Otherwise — all input-fields are valid —, the isValid-flag is set to true and the 'is-invalid'-class is removed from the form-element. Now, the form can be submitted.

This all works without a single global variable. Mission accomplished!

I made a Fiddle where you can test this.

PS: Have in mind, that the addEventListener-method is only supported by IEs down to version 9. If you have to support version 8 and below, you need a workaround like this.

I hope this helps you.

share|improve this answer
    
Still trying to understand the code. Working too many hours this week.. Just wanting to express my appreciation for your help. –  nOrakat May 8 at 20:17
1  
Thank you for this answer. This one example taught me many things. I implemented this except without using a for-in loop to bind js functions to events. I also left out anything having to do with changing class names since that was not required. –  nOrakat May 21 at 4:35

You can use the forms submit event, like this:

HTML:

<form method="post" onsubmit="return MyValidation(); " ...

JS:

(function() {
    var field1Valid = false;
    var field2Valid = false;

    window.validateField1 = function(elmnt) {
        // do some validation...

        if(everything == OK) {
            field1Valid = true;
            setButtonDisabled(false);
        }
        else {
            field1Valid = false;
            setButtonDisabled(true);
        }
    }

    window.validateField2 = function(elmnt) {
        // do some validation...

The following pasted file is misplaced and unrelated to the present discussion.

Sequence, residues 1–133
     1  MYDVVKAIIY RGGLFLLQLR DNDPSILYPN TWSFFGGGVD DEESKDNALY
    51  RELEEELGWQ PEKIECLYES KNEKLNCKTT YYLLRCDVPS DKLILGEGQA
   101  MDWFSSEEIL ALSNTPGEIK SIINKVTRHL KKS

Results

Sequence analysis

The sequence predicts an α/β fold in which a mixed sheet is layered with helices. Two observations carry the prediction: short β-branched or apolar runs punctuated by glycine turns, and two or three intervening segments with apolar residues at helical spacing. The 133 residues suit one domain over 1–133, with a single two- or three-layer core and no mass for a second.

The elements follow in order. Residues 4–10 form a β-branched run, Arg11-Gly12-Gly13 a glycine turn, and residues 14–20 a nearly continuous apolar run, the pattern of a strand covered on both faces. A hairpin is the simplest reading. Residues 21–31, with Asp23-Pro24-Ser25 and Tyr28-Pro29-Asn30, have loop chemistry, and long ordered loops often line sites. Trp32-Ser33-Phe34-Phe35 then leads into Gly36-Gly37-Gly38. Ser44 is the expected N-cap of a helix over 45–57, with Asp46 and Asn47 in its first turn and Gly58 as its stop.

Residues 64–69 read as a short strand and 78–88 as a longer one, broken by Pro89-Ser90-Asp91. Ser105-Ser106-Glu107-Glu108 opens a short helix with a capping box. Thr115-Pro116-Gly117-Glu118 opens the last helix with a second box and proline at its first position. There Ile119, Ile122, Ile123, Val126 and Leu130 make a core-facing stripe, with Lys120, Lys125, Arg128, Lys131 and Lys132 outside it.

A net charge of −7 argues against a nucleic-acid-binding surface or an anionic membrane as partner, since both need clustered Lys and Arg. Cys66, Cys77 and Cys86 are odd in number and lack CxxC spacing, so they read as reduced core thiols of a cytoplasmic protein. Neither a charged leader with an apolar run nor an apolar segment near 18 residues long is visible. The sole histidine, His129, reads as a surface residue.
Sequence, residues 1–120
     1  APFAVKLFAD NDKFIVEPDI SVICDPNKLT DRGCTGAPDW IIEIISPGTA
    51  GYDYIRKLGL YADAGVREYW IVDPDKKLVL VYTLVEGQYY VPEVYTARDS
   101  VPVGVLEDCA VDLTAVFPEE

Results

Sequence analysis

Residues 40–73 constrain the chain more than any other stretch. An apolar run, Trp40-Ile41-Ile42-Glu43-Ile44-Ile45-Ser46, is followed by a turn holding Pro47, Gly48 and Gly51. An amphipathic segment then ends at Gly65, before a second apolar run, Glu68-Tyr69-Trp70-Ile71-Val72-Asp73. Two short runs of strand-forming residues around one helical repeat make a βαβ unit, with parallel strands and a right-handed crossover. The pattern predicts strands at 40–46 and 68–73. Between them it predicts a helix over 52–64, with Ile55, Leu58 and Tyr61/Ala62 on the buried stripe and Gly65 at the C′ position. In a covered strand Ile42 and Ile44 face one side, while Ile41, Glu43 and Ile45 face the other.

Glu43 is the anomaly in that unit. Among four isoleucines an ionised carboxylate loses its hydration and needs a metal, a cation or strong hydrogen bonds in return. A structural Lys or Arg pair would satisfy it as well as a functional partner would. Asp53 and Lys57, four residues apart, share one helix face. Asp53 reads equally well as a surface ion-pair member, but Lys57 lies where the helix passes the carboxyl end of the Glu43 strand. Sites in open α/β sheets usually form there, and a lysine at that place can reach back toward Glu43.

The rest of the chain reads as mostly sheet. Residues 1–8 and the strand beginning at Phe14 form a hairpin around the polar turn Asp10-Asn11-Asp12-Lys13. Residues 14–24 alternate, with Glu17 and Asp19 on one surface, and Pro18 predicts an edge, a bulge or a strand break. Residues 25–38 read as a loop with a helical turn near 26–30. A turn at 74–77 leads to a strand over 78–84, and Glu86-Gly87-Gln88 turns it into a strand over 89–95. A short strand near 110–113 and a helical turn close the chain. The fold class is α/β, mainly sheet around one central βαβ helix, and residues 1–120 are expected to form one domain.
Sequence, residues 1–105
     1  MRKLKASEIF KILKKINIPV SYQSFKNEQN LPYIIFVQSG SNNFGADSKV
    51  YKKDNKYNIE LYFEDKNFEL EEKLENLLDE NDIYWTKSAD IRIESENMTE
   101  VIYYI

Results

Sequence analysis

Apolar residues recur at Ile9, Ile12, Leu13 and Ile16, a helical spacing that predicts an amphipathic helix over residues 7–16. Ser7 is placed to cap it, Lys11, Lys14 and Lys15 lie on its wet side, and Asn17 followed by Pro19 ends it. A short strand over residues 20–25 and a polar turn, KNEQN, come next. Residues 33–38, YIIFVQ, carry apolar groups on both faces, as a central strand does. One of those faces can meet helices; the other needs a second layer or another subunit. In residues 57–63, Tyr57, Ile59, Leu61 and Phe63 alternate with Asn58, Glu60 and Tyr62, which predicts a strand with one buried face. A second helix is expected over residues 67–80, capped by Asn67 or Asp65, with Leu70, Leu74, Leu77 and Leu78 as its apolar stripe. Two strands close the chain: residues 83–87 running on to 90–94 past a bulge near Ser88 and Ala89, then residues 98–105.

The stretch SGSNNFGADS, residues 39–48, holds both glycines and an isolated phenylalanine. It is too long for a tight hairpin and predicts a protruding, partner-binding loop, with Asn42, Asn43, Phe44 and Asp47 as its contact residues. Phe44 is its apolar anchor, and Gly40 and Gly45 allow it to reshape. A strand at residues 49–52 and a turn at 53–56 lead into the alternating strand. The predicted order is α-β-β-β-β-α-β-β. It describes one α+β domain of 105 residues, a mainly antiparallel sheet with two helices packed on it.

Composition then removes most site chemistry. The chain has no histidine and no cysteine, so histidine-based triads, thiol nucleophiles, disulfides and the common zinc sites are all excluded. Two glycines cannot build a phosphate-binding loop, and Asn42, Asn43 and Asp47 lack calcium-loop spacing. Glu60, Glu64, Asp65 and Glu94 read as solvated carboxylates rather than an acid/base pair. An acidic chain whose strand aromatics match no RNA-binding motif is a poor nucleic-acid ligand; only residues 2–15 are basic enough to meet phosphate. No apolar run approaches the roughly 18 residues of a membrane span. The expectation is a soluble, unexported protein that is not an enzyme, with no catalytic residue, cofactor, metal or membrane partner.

if(everything == OK) {
            field2Valid = true;
            setButtonDisabled(false);
        }
        else {
            field2Valid = false;
            setButtonDisabled(true);
        }
    }

    window.checkDuplicateName = function() {
        // do some more validation...
    }

    window.setButtonDisabled = function(disabled) {
        document.getElementById('submit').disabled = disabled;
    }

    window.MyValidation = function() {
        return field1Valid  && field2Valid;
    }
}());

The above example also checks whether to disable the submit button or not.

Another way would be to handle all your validation logic within the form submit event, but validating input immediately is always nicer.

There are also quite some validation plugins available for use with jQuery, if you're interested. Building this yourself can get messy quickly if you have multiple fields that need to be validated in multiple ways...

share|improve this answer
    
I thought global variables were bad practice, which is why I asked this question. I guess it seems there is no other way. Also, I was trying to avoid Jquery, which I have so far, but it seems inevitable that I will end up using it, eventually. Thanks for your reply. –  nOrakat May 6 at 17:01
    
If you're uncomfortable with using global variables, you can use a different setup as I've displayed above.... –  Mr. White May 6 at 17:54
    
Don't forget you can also use HTML5 validation on some elements. –  Joe Swindell May 6 at 18:05
    
@nOrakat: If you want to avoid global variables you should omit inline-event-handler, as they pollute the global namespace as well. –  Emanuel Kluge May 6 at 18:07
    
Hi, everyone, thanks for the help. I am still trying to understand many of these new concepts to comment or choose an answer; will get back to it if anyone is still around. –  nOrakat May 7 at 19:26